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Community Event | Café Scientifique | No black and white but colorful agricultural and food systems


When the future of our agricultural and food systems is debated, the discussion often turns into a black and white conversation about organic versus conventional, agroforestry versus monocropping, vegetables versus meat, etc. Based on recent findings, Prof. Six will argue that we should forget about this black and white views, but should see and design our agricultural and food systems much more colorful to make them truly sustainable.

Dr. Six received his PhD in Soil Science in 1998 from Colorado State University. His PhD research was conducted at the Natural Resource Ecology Laboratory (NREL). His research focused on the mechanisms underlying greenhouse gas mitigation by no-tillage practices. Dr. Six remained as a Research Scientist at NREL from 1998 until 2002. He led and was involved in many projects investigating the effect of land use change and management on greenhouse gas fluxes in agricultural, grassland and forest ecosystems. At UCDavis (2002-2012), Dr. Six further developed this line of research with a focus on the feedbacks between ecosystem management options (e.g., tillage, cover cropping, green manuring, sustainable farming, and grazing), global change (e.g., elevated CO2 and climate change), and biogeochemical cycling. Since 2013, Dr. Six is the chair of the Sustainable Agroecosystems Group at ETH-Zurich, where he has continued the research program developed at UCDavis, but with more of an emphasis on landscape analyses and global Food Security. More specifically, he studies the complex interactions between soil (e.g, structure, texture and mineralogy), plants (e.g., diversity, nutrient uptake, and root growth), soil biota (e.g. fungi, bacteria, and earthworms), and the carbon and nitrogen cycles in terrestrial ecosystems, especially agroecosystems. His general approach is to conduct experimental work from the micro- to landscape scale and subsequently integrate it with modeling to interpolate and extrapolate it to the regional and global scale. The modeling has also as goals to identify gaps in our knowledge, generate testable hypotheses, and test the mechanistic bases of biogeochemical models. Furthermore, many projects he conducts are in collaboration with economic and social scientist to holistically assess the sustainability and resilience of agricultural production and food systems.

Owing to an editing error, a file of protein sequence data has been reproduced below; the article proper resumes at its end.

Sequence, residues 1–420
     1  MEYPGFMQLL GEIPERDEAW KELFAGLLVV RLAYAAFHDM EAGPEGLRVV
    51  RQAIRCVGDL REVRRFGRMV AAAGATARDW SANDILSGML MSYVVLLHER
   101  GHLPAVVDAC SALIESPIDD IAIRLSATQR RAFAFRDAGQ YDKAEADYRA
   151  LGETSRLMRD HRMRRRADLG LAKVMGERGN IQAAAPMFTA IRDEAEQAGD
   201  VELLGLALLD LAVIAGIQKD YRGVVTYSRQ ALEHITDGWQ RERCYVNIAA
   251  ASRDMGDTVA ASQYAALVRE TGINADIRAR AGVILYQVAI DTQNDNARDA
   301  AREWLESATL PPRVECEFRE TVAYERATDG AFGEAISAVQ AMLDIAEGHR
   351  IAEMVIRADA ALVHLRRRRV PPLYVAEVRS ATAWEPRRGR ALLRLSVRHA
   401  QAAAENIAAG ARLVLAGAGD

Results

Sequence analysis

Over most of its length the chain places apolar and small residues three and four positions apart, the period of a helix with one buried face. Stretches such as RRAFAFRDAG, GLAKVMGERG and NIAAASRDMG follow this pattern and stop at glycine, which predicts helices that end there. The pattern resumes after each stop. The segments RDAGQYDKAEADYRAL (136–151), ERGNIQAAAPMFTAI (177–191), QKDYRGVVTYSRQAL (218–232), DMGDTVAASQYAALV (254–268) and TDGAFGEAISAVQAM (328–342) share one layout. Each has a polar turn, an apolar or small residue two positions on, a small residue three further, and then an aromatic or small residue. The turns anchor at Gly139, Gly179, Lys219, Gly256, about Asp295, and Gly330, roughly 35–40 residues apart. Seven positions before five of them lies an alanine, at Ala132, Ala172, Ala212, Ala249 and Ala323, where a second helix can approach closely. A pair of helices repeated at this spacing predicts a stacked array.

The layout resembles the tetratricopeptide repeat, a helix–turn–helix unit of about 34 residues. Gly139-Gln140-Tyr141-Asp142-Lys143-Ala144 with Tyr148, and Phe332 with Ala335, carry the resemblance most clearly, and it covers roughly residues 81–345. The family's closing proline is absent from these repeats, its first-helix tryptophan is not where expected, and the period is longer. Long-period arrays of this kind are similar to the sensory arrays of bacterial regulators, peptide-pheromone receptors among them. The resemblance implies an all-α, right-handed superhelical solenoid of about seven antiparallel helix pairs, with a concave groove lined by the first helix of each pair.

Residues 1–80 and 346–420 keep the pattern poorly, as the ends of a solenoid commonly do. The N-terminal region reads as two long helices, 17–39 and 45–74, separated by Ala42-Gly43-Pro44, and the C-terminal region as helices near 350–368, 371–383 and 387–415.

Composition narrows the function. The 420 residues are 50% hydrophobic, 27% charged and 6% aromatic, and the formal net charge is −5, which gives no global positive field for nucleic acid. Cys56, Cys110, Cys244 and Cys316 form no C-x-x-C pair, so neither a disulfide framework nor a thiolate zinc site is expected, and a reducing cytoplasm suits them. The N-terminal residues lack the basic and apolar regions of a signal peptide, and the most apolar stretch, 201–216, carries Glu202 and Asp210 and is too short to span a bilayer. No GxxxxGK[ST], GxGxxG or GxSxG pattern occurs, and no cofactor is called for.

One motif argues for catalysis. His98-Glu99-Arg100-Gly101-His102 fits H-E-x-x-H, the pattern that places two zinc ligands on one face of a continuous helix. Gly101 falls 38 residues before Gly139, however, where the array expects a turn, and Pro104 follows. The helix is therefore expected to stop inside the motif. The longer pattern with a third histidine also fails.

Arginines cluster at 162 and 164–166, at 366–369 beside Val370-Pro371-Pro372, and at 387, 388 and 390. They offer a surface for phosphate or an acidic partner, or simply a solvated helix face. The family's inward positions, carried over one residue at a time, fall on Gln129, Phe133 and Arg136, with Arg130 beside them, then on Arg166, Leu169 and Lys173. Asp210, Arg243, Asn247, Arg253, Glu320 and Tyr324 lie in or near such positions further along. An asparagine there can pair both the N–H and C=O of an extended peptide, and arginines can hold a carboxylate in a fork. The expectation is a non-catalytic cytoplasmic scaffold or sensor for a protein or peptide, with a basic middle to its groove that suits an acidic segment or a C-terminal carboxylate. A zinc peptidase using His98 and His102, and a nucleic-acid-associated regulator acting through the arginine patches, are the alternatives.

Dr. Six is a Chancelor’s Fellow of the University of California – Davis, a Fellow of American Association for the Advancement of Science, a Philippe Duchaufour medallist in Soil Science of the European Geoscience Union, a Distinguished Ecologist of Colorado State University, and on the 2015, 2016, 2017, and 2019 Highly Cited Researchers list of the Web of Science.

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